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Traumatic childhood experiences impact brain function

ByAilsa Wolfe

Nov 8, 2017

It has long been understood that traumatic events can have a profound and lasting effect on people. Only in recent years, however, has science begun to uncover exactly how these events can impact brain function. In particular, trauma experienced in childhood, during what is perhaps the formative period in a person’s life, often leads to an especially pronounced mark on the brain and has been linked to increased susceptibility to mental illness later in life.

A recent study, conducted by Eamon J McCrory and researchers at University College London, found that childhood neglect and trauma can adversely affect memory function. In fact, the area of the brain that controls memory, the hippocampus, was shown to physically decrease in size as a consequence of trauma. Furthermore, executive functioning, controlled by the cerebellum, can also be impaired, as well as the brain’s capacity for emotional regulation in the prefrontal cortex.

There are a number of ways in which scientists have charted neurological changes that can occur in the brain as a result of childhood abuse and trauma. Magnetic resonance imaging (MRI) scanning is one such technique that aids scientists in reaching their conclusions, as seen in the study mentioned above. This technology is especially important in enabling the scientific community to point to a biological explanation for the negative mental effects that trauma can wreak on people, as opposed to emotional and behavioural explanations. There is now evidence that the brain physically restructures in response to trauma. This puts the brain at risk for the development of mental illnesses such as PTSD and clinical depression.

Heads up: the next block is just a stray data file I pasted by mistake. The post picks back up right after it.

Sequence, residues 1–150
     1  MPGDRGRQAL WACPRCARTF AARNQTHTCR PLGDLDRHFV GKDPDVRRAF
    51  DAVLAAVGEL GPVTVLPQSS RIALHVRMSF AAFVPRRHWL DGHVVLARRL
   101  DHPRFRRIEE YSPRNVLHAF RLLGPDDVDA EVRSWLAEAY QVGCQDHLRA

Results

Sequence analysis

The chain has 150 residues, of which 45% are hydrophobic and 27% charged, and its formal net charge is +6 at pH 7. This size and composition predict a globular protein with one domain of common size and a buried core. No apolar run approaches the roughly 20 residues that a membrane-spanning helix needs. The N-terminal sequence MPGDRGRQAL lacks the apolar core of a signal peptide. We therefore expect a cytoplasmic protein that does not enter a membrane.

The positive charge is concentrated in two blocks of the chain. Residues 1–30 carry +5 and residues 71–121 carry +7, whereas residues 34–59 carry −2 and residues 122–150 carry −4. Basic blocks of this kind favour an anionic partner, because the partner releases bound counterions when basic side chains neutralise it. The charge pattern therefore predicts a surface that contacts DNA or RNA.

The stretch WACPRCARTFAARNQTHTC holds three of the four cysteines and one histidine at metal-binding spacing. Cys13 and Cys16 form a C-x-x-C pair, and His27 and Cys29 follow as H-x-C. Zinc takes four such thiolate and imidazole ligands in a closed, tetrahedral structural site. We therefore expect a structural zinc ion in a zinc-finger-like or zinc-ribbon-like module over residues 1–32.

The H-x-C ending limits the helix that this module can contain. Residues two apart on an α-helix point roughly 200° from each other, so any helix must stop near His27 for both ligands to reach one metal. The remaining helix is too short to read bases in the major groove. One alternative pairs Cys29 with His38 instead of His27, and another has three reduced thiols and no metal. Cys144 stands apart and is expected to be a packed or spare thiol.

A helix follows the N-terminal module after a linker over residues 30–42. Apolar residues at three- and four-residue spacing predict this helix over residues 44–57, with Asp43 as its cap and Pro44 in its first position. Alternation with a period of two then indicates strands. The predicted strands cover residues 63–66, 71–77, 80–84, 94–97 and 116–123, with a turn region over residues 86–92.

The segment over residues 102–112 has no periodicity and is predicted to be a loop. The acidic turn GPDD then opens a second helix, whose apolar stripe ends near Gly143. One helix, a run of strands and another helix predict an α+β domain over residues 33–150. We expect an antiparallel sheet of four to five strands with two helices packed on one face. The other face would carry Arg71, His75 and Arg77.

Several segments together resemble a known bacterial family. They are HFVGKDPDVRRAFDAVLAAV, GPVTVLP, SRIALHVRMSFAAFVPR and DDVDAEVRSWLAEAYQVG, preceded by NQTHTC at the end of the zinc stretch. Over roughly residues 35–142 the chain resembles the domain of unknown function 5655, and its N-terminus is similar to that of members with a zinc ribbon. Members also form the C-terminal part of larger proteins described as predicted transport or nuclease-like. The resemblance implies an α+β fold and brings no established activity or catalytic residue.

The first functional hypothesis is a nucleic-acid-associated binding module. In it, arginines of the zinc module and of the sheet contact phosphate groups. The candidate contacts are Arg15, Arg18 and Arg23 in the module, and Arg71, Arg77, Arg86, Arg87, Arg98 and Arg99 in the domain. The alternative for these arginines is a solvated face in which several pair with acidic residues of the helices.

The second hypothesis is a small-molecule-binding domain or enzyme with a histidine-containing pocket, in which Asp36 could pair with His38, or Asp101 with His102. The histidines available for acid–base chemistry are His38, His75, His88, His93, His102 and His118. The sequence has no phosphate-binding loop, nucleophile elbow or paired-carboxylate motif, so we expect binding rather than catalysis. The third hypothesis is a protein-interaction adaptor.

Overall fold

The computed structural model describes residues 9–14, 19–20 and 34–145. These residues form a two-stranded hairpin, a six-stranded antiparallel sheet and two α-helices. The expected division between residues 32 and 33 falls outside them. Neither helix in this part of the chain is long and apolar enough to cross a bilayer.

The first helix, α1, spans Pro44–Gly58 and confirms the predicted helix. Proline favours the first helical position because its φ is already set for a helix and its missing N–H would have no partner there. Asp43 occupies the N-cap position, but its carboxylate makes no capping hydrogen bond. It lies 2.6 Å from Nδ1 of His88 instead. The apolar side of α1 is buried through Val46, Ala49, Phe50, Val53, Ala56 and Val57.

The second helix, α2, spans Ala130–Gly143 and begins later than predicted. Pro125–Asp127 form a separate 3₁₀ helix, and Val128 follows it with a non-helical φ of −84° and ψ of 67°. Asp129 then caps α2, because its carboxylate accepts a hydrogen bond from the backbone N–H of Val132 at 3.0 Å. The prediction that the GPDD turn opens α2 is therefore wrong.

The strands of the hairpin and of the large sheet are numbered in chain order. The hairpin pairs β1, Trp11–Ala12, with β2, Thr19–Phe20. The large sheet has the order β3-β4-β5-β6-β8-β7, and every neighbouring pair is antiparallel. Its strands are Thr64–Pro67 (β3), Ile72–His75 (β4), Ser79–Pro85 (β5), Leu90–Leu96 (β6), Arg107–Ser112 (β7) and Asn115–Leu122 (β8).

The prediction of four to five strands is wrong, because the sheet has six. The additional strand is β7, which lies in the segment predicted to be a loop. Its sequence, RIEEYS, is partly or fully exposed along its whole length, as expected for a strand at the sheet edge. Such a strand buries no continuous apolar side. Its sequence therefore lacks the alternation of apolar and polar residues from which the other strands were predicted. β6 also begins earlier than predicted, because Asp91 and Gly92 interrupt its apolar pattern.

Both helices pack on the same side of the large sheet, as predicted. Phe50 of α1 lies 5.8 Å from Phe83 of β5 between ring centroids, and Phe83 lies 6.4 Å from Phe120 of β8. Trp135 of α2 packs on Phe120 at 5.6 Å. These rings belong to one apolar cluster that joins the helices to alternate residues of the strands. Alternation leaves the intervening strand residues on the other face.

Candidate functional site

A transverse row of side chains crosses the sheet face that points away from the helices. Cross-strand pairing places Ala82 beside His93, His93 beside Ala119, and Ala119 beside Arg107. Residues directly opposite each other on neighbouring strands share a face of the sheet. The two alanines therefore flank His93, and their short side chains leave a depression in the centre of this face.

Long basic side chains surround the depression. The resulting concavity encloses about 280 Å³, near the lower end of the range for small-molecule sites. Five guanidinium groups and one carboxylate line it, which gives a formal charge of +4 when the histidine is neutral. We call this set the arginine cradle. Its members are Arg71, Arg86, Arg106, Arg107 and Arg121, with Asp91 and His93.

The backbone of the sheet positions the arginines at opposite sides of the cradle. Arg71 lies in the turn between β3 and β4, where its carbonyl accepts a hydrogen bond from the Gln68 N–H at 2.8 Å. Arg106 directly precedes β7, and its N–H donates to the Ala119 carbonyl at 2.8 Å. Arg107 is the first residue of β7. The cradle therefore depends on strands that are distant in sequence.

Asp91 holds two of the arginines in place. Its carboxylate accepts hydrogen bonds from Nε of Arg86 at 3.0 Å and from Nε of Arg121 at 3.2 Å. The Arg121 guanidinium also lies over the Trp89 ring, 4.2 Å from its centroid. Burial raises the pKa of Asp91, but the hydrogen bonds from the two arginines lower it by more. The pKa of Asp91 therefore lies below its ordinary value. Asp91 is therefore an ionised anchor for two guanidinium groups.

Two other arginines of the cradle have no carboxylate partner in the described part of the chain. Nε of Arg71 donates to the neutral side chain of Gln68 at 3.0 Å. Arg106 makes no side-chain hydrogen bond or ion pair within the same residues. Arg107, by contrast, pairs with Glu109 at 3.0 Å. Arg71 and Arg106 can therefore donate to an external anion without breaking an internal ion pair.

Although trauma experienced at any point during a person’s life can undoubtedly have a devastating mental impact, childhood trauma is particularly insidious since children’s brains have not yet developed sufficiently to allow them to safely cope.

The organisation, The National Child Traumatic Stress Network, outlines a number of ways in which this plays out. Children are less able to fully appreciate cause and effect, thus instances of trauma can be especially frightening and confusing for them. In addition, they have a reduced capability to anticipate stressful situations and develop safety coping mechanisms aside from being obviously physically far weaker and vulnerable to abuse.

The effects of trauma can manifest in a number of ways. Besides causing children to struggle to regulate their emotions and behaviour, instead acting impulsively and lashing out, children may become risk averse, scare easily, and have trouble focusing in a school environment. Other physical problems include trouble sleeping, which is not conducive to the growth of a healthy brain.

Clearly the effects of trauma are extraordinarily deep-rooted and can often set traumatised children up for a host of problems as adults. Kimberly Shilson, a psychological associate who published the book Benjee and his Brain, a study of childhood trauma, states: “Adults traumatized as children, whether through physical/sexual abuse or profound neglect, may have challenges with forming and maintaining relationships because of negatively affected brain areas.” She also goes on to say that turning to substance abuse, for instance, is commonly used as a means to escape.

As research continues into this area, it is hoped that this will lead to a better overall understanding of the various ways in which the brain is affected. In turn, on an optimistic note, this could lead to better strategies to help combat these effects.

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